The United States has said that it is watching the court case of Congress leader Rahul Gandhi and continues to engage with the Indian government on the shared commitment to democratic values including freedom of expression.
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On March 23, a Surat court sentenced Rahul to two years imprisonment in a 2019 criminal defamation case over his “why all thieves have Modi surname” remark. A day later, he was disqualified from the Lok Sabha from the date of his conviction in the case.
“Respect for the rule of law and judicial independence is a cornerstone of any democracy. We are watching Mr Gandhi’s case in Indian courts and we engage with the Government of India on our shared commitment to democratic values, including, freedom of expression,” the State Department’s Deputy spokesperson Vedant Patel told reporters at a news conference on Monday (March 27).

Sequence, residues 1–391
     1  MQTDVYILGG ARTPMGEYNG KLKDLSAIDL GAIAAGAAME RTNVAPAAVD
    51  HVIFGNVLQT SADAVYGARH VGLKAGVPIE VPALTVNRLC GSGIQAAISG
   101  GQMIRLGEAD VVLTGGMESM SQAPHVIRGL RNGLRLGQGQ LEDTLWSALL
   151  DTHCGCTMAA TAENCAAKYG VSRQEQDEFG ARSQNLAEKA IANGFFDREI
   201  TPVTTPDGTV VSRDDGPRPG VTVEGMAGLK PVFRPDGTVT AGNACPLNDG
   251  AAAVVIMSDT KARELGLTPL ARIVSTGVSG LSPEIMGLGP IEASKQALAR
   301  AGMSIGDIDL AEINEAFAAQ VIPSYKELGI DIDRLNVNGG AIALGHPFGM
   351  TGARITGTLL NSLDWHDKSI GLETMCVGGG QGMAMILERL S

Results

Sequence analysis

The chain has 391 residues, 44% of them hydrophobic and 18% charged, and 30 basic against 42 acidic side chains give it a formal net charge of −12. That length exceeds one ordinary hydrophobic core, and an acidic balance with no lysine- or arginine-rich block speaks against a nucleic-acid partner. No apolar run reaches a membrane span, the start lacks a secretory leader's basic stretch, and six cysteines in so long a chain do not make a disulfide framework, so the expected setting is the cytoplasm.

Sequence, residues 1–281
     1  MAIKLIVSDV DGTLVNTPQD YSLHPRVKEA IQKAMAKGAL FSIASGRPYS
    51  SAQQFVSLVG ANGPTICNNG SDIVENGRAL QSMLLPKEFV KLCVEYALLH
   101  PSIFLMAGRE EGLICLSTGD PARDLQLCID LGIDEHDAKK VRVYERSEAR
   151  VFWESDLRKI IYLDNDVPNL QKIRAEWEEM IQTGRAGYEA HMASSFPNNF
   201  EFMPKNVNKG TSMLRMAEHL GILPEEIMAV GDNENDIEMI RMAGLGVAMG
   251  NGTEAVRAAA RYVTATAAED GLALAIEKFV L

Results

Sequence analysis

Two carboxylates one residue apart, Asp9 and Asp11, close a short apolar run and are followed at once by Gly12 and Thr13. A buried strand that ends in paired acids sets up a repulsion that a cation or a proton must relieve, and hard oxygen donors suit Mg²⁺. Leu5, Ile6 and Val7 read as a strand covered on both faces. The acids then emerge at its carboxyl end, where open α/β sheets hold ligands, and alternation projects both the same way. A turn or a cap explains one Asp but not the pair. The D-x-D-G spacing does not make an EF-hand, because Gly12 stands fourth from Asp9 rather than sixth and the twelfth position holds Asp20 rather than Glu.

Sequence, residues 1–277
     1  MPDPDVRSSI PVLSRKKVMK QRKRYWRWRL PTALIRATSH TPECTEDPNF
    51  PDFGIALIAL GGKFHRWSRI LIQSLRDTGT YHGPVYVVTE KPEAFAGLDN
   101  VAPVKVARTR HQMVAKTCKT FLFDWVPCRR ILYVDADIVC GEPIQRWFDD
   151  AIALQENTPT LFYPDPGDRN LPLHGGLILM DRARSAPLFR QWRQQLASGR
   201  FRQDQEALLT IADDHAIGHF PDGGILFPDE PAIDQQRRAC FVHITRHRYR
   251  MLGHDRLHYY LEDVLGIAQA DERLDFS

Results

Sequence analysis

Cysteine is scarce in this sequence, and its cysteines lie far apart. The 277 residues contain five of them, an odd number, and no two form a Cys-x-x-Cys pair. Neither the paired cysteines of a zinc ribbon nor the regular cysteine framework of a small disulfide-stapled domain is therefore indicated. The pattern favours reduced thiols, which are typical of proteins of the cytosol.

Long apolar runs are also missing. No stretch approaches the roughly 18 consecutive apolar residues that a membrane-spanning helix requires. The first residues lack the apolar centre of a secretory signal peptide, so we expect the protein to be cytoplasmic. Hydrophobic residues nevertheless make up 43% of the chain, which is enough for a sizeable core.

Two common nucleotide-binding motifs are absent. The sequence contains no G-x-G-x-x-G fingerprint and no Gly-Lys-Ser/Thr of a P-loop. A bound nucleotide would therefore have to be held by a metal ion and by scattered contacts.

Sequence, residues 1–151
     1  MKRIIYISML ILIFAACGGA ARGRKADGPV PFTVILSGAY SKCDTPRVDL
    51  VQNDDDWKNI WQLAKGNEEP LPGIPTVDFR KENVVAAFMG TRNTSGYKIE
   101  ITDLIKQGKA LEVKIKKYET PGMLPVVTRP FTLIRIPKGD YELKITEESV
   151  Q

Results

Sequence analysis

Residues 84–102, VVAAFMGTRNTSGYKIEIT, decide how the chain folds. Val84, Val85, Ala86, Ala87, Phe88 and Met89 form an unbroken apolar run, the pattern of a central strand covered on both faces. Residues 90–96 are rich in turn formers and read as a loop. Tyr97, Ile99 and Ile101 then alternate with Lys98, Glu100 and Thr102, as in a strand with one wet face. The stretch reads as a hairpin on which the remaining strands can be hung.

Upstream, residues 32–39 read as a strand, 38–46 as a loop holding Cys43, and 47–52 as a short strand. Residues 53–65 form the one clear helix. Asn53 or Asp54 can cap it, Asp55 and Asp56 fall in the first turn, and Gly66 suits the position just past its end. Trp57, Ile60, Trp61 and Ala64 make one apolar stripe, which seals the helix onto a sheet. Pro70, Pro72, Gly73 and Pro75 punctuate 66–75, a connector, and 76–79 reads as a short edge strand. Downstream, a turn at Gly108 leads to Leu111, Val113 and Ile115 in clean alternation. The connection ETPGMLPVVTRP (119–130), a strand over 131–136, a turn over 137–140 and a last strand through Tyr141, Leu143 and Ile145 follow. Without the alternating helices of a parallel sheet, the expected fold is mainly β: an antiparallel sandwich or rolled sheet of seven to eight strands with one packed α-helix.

“In our engagements with our Indian partners, we continue to highlight the importance of democratic principles and the protection of human rights, including freedom of expression, as a key to strengthening both our democracies,” he said.
Responding to a question, Patel said it is normal and standard for the United States to engage with members of opposition parties in any country where it has bilateral relationships.
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On Monday, Opposition parties in India stepped up their offensive against the Narendra Modi government and observed a “black day for democracy”.
The BJP condemned the ruckus created by the Opposition in Parliament and accused the Congress of resorting to “low-level politics” in its bid to justify Rahul’s remarks allegedly against the OBC community.